Well, I haven’t checked in with you in awhile about my boat project because, frankly, I’ve been in approach/avoidance mode. Part of me is scared this project is too much for me, and the rest of me is saying, “Well. It’s just a bunch of learnable tasks, so get on with it.”

The “get on with it” part got the upper hand this week, and so I’ve been back at it.

Right now it’s 90 something degrees outside and not much cooler inside. I was at the boat really early this morning before it got hot, and now I am just here at home, quietly sweating and dreaming of Tuesday when it is supposed to rain. I guess I have morphed into a real PNWesterner.

One thing I accomplished since my last post: I was able to repair my mainsail with my sewing machine, sail patching material and polyester thread.

A bunch of firsts for me in that miniproject, but it turned out well enough. And it’s high up on the mast so I doubt anyone will notice. I felt like an old salt when I was done. And I’m kind of confident it will hold. I guess we’ll see.

The boat itself is a little more interesting – yes, let’s use that word.

Lots to be done there. This week I decided to focus on the mast and the hull. The mast is in the barn lying across some wooden horses. I’ve inspected the rigging with the help of some reading I’ve done on how to do this, and also with the help of a friend who is good with this sort of thing and knows what he’s doing (hooray for such friends!). So far so good. Things look OK. Some assembly required.

There is mouse nest material inside the mast (of course, I seem to have extensive mouse karma), and so I will have to hose it out. That’s next when I finish the hull. Then I’ll put the mast cap back on. It was missing and I panicked, but my friend quickly found it among the gear lying about in the barn. Whew. Now I can have fore and back stays like a real sailor. More on that soon.

Which brings me to the hull.

Passage is 40 years old or so, and built like a tank, and I am so grateful for that – and for the craftsmanship that went into her, by her original builder, by the man who cast the hull, and by my dad for just building everything in an incredibly stout and forward thinking manner.

But the old gelcoat (the once-shiny coating on the fiberglass hull) – the only word I can use is: forlorn. Oxidized as all get out, kind of a greenish color, but overall looking really sad. And I feared beyond help. In a worst case scenario, the gelcoat would just be too pooped to be revived.

However, I did some reading and YouTubing (rest assured that whatever project you have about anything, the interwebs have some advice about it), and I learned that polishing gelcoat is in theory well within the purview of this casual DIYer. So I bought the recommended random orbital polisher, cushioned pads, and the recommended polishing compound and finally got up the courage the last few days to attempt to polish the hull.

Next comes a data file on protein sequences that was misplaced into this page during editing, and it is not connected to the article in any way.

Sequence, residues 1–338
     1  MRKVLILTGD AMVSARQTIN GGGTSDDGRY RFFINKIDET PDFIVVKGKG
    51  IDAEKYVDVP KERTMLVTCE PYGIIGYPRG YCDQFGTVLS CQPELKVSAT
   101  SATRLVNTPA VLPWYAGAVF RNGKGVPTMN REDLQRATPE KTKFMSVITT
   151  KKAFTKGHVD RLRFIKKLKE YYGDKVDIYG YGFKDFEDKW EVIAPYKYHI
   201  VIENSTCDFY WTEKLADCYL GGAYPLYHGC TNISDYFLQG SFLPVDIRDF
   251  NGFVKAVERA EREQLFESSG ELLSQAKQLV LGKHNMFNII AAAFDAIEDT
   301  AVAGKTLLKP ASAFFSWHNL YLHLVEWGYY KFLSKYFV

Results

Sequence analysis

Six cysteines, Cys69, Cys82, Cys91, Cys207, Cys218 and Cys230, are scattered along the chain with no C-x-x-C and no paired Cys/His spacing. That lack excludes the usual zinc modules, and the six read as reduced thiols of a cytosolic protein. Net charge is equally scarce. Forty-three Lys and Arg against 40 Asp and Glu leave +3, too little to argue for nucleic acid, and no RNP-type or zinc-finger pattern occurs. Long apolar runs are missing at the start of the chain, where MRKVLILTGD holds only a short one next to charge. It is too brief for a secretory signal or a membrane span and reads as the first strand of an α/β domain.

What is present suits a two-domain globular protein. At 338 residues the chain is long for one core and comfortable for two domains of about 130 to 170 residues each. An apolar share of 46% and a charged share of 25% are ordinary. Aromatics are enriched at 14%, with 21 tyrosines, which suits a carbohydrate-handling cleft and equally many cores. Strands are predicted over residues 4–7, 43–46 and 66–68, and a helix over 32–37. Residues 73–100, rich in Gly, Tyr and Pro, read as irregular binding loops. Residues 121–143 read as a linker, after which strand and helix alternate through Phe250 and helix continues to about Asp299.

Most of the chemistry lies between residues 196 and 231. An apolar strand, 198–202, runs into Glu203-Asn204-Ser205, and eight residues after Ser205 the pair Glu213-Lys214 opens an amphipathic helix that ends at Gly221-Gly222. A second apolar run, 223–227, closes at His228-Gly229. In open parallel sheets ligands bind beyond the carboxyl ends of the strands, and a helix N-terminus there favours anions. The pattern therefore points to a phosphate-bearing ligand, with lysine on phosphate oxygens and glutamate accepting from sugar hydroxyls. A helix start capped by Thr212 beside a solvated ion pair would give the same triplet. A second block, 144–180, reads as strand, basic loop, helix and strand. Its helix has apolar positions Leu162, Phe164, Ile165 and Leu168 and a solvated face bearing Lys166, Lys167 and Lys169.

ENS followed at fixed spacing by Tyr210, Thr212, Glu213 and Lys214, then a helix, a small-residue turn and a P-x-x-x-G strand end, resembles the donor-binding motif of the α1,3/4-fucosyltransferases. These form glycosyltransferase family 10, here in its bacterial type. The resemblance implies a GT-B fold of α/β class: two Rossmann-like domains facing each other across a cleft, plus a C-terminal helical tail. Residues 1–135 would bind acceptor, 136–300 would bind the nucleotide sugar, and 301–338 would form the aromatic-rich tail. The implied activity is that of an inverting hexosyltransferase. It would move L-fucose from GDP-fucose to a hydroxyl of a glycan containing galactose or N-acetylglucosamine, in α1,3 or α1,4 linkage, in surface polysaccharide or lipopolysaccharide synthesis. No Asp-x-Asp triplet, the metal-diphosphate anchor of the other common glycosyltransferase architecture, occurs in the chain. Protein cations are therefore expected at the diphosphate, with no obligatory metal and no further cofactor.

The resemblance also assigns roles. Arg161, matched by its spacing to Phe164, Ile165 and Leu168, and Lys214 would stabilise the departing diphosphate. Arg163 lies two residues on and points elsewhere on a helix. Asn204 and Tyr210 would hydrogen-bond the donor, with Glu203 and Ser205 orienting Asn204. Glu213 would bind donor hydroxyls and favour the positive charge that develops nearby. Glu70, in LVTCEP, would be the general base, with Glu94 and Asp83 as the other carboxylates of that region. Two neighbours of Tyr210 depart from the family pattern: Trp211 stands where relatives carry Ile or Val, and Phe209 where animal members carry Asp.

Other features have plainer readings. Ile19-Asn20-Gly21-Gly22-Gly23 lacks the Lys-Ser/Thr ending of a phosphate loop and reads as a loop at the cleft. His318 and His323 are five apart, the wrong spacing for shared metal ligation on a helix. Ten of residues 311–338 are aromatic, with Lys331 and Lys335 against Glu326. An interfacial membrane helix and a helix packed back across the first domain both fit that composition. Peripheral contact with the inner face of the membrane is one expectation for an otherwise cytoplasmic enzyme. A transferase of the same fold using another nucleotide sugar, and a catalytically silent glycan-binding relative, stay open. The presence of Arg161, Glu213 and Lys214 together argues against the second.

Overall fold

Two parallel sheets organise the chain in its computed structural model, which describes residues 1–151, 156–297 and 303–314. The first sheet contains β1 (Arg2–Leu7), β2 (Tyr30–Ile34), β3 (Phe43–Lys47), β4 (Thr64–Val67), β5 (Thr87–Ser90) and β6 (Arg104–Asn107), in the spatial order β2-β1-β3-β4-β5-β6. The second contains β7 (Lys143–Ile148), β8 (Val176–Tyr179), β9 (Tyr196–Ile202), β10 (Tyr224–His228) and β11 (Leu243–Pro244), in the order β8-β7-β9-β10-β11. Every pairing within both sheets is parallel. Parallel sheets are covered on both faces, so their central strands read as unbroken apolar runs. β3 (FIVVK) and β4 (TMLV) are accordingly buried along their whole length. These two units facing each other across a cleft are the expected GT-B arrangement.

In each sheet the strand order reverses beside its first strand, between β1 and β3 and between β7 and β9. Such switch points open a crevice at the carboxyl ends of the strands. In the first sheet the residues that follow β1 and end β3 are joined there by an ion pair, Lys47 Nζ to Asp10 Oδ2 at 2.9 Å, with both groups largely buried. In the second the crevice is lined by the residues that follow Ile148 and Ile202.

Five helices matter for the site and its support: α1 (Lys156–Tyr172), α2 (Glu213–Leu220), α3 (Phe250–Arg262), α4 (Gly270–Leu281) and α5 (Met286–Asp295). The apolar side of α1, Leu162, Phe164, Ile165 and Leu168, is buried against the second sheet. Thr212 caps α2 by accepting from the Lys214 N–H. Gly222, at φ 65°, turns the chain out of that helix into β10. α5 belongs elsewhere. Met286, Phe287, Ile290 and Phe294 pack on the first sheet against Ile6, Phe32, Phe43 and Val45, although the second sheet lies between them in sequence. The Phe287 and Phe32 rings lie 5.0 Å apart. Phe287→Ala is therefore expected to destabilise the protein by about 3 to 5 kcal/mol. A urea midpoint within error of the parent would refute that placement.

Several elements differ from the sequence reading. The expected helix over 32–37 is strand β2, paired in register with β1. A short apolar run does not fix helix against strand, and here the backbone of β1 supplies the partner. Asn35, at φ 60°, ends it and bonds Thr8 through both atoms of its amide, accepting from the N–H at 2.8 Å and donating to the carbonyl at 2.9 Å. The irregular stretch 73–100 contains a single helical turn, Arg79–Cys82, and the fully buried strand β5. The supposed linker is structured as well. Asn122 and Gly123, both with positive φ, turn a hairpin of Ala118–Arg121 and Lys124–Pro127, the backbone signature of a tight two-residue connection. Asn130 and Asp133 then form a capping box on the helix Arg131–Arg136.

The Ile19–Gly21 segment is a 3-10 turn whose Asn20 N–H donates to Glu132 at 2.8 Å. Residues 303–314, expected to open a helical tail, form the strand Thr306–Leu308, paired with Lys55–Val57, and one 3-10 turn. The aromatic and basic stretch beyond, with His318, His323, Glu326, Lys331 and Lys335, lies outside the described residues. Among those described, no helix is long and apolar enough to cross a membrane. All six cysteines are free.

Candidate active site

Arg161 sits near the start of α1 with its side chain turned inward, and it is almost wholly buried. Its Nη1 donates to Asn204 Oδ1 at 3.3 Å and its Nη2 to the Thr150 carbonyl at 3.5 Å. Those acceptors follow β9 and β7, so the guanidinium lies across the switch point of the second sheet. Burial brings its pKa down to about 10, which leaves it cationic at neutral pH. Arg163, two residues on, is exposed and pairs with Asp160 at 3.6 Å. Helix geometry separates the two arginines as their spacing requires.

Now let me just say that before I read up (and read up and YouTubed up) on this, I had no idea of what a random orbital polisher was. So I’m just being honest about that.

But now I do own one, and know enough about it to toss that term around if I am talking shop with people and want to look like I know something. So far I have not had that opportunity, but I do go to Englund Marine a fair amount, so I imagine the opportunity will arise at some point.

About my bottles of polishing compound: I’ve felt a bit of anxiety about that. Because you cannot undo what you do with it. So I have proceeded cautiously to the point of at times barely moving.

By the way, Practical Sailor magazine is a fabulous resource for what things to get for this and that without spending every cent you have. It’s very empowering having them in my court. So I have taken their advice.

But bottomline, this is all a learning process. I am happy to say, though, in this case, it’s one with a very encouraging outcome so far…

Yesterday, I started out slow. I tried out the polish by hand, because one article I read said it was possible to polish it by hand. And the last thing I wanted to do was burn through the gelcoat with the polisher and ruin it.

But that effort did nothing except tire me out. And still the gelcoat was hideous. So I cautiously put some polishing liquid on the polishing machine and tried buffing the hull. Not much happened at first, and I despaired then that the gelcoat might be too far gone.

Then I read that I might need a tougher compound. So I went to an auto supply store and bought some fancy auto compounding polish. This morning I kept at it in slow increments, trying the new car polishing compound, little by little, carefully, alternating with the milder polish, and checking the reflection in between bouts with the polisher.

And, after awhile, a miracle happened. Oh my god, lo and behold. I had a divine moment when I looked at the side of the boat and saw: holy moly, a shiny spot! A genuine shiny spot! It was a glorious and gorgeous thing to see. I confess I did a happy dance right there in the barn. 

So I spent this morning learning my way around my random orbital polisher (I just like saying that), and learning how much it will take to get this hull to shine. And shine she will. I am amazed. And so grateful. And feeling pretty darn chipper about myself and my McGuyver skills.

Thank God for family, friends, and good old boats. I am blessed with each. And I am very, very happy.

(Note, this photo is of the sad old gelcoat before I did anything to get it to shine. Looking much more respectable now. “After” photos to follow.)